EBV, CMV, and HHV-6 reactivation were found in a small cohort of severe COVID-19 patients.
Reactivation of herpesviruses is common in immunocompromised individuals. T cell immunity, in particular, is compromised in people with severe COVID-19 infection (Diao 2020).
Simonnet et al, at the University of Lille, France, studied the extent of herpesviruses reactivation in 34 people with severe COVID-19 being cared for in an ICU. Patients who were admitted to ICU for COVID-19 had repeated measurements of viral load for EBV, CMV, and HHV-6, via quantitative PCR on whole blood.
In 28 of the 34 patients (82%), EBV DNA was detected at least in one sample. The same was true in a smaller fraction of people for CMV (5/34, or 15%) and for HHV-6 (7/34, 22%).
Unfortunately, in some patients viral DNA was detected but could not be quantified.
EBV reactivation occurred typically 4 days after ICU admission and was associated with a longer length of stay in the ICU. There was no association between ICU mortality and any viral reactivation. Viral reactivation also was not correlated with more severe clinical status (based on simplified acute physiology score). However, the relatively small size of this study gave the investigators little statistical power to recognize possible positive associations between viral reactivation and clinical severity, length of stay or likelihood of death. Another limitation of this study is that it did not include people with less severe acute COVID-19 infection.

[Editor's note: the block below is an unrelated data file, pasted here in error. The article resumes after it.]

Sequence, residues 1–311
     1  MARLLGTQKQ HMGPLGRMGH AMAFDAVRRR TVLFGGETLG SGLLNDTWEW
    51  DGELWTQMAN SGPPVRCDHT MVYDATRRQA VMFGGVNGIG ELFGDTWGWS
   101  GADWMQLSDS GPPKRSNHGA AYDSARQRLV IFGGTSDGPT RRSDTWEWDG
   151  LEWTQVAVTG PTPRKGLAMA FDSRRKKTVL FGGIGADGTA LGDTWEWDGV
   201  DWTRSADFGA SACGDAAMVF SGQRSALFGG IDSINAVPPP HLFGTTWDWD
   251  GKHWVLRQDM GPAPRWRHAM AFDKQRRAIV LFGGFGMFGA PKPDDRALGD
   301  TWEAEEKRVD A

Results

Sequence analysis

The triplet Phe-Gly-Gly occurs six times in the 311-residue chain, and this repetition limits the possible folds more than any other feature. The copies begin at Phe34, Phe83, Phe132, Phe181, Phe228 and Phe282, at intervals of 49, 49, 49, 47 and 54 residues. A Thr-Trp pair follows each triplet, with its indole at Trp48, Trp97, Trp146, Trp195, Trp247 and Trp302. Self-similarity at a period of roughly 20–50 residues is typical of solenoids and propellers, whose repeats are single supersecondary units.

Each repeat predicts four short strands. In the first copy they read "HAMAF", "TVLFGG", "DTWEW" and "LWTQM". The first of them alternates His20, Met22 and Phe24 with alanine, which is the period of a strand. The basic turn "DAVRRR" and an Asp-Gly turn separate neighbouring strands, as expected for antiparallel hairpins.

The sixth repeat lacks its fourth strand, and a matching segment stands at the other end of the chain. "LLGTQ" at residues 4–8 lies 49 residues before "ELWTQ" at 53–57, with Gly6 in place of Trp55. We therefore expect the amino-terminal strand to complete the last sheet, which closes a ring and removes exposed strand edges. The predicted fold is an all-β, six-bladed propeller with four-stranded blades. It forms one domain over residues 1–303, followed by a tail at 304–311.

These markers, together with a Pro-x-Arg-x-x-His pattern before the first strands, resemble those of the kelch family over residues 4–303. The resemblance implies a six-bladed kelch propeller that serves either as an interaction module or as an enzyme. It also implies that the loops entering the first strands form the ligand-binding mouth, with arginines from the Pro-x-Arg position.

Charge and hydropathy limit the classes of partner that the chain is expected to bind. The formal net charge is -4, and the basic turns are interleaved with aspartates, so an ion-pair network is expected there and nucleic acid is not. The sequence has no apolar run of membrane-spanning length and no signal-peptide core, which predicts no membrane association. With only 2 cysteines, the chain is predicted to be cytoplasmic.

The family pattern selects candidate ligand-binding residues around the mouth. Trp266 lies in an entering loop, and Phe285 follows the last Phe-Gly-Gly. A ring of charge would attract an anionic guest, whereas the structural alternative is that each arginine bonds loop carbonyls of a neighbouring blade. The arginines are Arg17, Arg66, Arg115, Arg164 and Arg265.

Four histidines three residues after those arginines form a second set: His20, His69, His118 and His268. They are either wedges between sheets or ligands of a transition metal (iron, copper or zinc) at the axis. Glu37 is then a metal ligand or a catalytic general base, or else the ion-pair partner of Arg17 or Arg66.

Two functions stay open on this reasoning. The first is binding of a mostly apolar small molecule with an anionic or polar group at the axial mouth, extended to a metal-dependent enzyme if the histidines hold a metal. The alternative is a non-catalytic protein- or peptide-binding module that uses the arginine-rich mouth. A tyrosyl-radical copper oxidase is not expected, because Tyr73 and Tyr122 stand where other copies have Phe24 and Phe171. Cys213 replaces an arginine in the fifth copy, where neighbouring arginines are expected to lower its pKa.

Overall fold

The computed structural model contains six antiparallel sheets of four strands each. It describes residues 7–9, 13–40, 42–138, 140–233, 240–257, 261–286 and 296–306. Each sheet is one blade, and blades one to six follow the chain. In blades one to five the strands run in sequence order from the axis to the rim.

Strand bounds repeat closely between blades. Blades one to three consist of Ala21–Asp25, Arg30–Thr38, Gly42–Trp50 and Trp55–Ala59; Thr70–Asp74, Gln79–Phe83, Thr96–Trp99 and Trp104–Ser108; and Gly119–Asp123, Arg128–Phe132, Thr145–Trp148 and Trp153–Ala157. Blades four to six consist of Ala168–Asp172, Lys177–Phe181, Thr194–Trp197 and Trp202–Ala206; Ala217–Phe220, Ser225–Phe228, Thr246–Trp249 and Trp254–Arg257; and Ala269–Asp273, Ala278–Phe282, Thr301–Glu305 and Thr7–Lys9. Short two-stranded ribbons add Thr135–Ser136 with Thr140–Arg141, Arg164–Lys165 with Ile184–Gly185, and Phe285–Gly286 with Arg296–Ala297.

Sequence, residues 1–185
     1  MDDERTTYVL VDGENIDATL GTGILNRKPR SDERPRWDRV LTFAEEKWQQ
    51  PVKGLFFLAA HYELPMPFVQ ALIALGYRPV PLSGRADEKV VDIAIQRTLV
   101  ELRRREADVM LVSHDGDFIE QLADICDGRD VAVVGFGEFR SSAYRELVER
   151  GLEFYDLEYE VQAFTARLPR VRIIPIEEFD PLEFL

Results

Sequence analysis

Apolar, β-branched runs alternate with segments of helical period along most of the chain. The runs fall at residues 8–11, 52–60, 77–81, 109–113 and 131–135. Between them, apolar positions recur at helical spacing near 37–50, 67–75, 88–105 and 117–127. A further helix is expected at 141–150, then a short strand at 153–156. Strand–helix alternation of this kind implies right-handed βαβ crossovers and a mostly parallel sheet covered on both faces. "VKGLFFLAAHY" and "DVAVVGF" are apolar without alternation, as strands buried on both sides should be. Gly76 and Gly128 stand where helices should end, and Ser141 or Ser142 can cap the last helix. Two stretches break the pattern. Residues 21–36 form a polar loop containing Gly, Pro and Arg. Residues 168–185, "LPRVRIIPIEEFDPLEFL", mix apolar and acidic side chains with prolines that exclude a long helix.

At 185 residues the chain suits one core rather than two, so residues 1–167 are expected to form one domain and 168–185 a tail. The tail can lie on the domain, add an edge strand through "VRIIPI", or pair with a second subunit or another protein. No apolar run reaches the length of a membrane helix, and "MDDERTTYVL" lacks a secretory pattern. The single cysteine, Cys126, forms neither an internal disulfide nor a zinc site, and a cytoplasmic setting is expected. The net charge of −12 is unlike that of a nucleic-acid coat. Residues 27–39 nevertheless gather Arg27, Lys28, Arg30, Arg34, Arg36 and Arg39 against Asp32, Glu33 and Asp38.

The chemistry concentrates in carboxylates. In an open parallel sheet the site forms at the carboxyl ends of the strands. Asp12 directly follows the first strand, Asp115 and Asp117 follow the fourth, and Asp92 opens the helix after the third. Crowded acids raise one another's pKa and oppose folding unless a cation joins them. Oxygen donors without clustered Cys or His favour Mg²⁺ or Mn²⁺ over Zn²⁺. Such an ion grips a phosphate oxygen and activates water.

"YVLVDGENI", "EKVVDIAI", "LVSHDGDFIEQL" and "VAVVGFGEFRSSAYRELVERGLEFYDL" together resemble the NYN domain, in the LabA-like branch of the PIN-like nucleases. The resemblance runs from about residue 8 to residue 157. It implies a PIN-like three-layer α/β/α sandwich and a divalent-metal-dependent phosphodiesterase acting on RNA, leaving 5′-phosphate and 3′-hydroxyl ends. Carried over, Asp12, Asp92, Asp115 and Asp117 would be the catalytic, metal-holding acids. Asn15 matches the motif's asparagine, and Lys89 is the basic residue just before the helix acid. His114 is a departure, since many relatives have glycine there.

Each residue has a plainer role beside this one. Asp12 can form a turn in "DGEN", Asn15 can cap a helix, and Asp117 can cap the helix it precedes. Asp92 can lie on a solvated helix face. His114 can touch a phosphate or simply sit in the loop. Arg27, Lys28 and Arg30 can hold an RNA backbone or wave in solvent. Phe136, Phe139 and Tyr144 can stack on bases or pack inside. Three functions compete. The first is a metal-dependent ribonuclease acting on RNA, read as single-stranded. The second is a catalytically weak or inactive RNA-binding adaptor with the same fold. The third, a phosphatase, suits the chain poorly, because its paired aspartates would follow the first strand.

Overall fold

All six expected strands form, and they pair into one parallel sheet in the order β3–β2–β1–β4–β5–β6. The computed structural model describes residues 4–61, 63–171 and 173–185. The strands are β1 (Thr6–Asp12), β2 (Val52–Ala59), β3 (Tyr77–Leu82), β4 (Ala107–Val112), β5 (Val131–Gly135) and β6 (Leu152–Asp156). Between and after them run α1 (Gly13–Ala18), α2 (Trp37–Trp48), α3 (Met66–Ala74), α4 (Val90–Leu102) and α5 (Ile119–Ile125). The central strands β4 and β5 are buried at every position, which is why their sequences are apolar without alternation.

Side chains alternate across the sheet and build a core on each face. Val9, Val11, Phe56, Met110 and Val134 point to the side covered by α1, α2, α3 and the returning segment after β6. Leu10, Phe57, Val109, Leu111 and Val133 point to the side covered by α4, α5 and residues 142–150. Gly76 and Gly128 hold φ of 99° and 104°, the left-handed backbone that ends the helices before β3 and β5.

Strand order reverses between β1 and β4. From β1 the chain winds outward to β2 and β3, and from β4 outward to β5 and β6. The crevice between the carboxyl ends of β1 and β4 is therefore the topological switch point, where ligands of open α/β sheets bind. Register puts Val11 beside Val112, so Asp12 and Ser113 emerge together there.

This pilot study demonstrates that reactivation of several herpesviruses occurs in people severely ill with acute COVID-19 who require intensive care. Larger scale studies are needed to determine more precisely whether reactivation of EBV, CMV or HHV-6A/B increase the risk of certain adverse outcomes and, if so, whether antiviral treatments in people with reactivated infection might reduce the risk of these adverse outcomes.
Read the full article: Simonnet 2021